Coronation Street: Robert starts to get chest pains
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With the temperatures creeping closer to zero and respiratory viruses circulating in the air, the sound of coughing is taking over. While cough isn’t necessarily a cause for concern, a chest that hurts when coughing could signal something more serious like pleurisy, according to an expert.
Mr Andrea Bille, Consultant Thoracic Surgeon at London Bridge Hospital part of HCA Healthcare UK, said: “Pleurisy describes a condition in which the two large, thin layers of tissue that separate your lungs from your chest wall become inflamed. These layers are also referred to as the pleura.
“The most common symptom of this condition is sharp chest pain that worsens when breathing.”
However, you might also experience pain in the chest when you cough, sneeze or move around.
Mr Bille said: “You will hardly notice your pleura when you are healthy. Between the pleura is a gap called the pleural space.
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“When you breathe in, this fluid allows the pleura to glide smoothly against one another.
“In a person with pleurisy, the pleura become inflamed and rub together every time your lung expands, causing chest pain.
“When you inhale deeply, cough, sneeze, or laugh, you will probably feel a sharp, stabbing pain in the area that’s affected.”
This type of pain may be located in one place or it may also radiate to your shoulders and back.
Other symptoms of pleurisy
As chest that hurts when a person coughs is “relatively common”, other symptoms could also help identify pleurisy, including:
- Shortness of breath
- A cough
- Fever and chills
- Rapid, shallow breathing
- Unexplained weight loss
- A sore throat followed by pain and swelling in your joints.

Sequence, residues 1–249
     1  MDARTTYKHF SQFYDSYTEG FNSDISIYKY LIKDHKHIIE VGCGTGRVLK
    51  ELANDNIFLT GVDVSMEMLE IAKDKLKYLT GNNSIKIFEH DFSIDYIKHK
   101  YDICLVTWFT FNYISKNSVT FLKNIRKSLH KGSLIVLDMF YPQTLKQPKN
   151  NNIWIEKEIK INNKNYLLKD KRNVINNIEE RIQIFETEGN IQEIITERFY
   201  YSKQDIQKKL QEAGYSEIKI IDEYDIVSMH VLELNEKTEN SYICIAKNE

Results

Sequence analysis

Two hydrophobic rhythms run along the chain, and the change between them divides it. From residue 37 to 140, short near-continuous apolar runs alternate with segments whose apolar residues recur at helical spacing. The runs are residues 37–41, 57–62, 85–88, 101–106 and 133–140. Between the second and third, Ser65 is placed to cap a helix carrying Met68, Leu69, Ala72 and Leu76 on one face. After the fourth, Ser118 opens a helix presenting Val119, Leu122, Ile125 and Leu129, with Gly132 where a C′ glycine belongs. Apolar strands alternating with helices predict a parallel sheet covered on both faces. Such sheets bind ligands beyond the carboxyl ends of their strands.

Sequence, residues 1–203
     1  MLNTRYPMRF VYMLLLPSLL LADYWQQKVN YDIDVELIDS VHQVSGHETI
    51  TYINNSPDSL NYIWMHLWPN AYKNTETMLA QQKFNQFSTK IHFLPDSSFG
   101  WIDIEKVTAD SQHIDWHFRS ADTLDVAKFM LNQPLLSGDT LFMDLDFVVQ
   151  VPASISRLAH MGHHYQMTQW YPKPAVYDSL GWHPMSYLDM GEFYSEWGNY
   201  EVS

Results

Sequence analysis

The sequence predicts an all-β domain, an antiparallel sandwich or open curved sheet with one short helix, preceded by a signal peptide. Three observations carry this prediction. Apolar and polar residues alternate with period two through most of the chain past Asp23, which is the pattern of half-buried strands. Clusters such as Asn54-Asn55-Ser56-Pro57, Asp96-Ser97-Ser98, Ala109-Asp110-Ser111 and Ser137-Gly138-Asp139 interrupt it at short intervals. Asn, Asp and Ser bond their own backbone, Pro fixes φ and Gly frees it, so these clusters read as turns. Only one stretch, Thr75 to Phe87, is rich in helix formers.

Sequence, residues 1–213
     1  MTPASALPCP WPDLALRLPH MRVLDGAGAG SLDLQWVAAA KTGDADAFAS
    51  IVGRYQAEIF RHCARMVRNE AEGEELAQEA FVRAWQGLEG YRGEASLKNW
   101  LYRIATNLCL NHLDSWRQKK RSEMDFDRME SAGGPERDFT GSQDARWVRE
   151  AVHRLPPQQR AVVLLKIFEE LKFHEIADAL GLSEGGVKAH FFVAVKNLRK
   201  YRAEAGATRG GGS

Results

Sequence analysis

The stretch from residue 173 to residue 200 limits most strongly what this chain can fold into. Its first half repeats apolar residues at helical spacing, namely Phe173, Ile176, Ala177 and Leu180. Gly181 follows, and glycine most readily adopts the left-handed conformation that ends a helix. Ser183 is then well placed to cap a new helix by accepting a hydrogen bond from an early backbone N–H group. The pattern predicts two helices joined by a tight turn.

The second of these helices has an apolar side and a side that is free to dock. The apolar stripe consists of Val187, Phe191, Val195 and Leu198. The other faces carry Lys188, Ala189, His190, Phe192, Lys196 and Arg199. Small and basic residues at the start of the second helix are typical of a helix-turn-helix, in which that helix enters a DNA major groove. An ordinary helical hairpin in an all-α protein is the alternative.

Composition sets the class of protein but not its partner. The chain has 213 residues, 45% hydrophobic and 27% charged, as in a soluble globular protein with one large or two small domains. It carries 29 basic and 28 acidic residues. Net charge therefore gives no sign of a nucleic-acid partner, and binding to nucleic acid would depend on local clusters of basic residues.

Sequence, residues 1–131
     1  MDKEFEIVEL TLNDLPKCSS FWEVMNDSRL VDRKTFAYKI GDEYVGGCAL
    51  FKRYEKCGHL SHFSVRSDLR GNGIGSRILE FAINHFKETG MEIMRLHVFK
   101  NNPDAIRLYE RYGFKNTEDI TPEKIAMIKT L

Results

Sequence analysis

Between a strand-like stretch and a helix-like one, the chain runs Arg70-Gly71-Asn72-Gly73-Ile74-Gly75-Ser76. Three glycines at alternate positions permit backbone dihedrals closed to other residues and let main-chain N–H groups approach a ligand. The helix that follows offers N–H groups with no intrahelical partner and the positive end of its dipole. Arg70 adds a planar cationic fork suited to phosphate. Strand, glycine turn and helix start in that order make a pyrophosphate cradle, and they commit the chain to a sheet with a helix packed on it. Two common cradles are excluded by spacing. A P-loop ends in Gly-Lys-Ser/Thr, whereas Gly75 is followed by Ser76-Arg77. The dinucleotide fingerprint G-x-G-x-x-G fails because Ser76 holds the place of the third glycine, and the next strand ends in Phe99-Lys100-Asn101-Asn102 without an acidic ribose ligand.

What’s worse, some patients with pleurisy may experience a fluid build-up called pleural effusion.
This “water-on-the-lungs” symptom describes excess fluid located between the layers of the pleura outside the lungs.
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Mr Bille said: “Visit your GP if you experience the above symptoms.
“Seek immediate medical help if your chest pain is severe, particularly if you also have other symptoms, such as coughing up blood, nausea or sweating.”
Other causes of pain when coughing
While pain when coughing is one of the main symptoms of pleurisy, there are also other causes that could trigger this pesky symptom.
The expert shared that as long as this sign isn’t “persistent or severe”, the pain might go away on its own.
Mr Bille added: “However, chest pain can sometimes signal a serious chest infection, such as pneumonia or less serious acute bronchitis.
“Pneumonia is an infection that inflames the air sacs in one or both lungs. The air sacs may fill with fluid or pus, causing cough with phlegm or pus, fever, chills, and difficulty breathing.
“Bronchitis is inflammation of the tubes that carry air to and from your lungs. Irritation of your bronchial tubes can cause repeated bouts of coughing, which can lead to chest soreness.”
If you’re worried about any persistent or unusual symptoms, you should speak to your GP.
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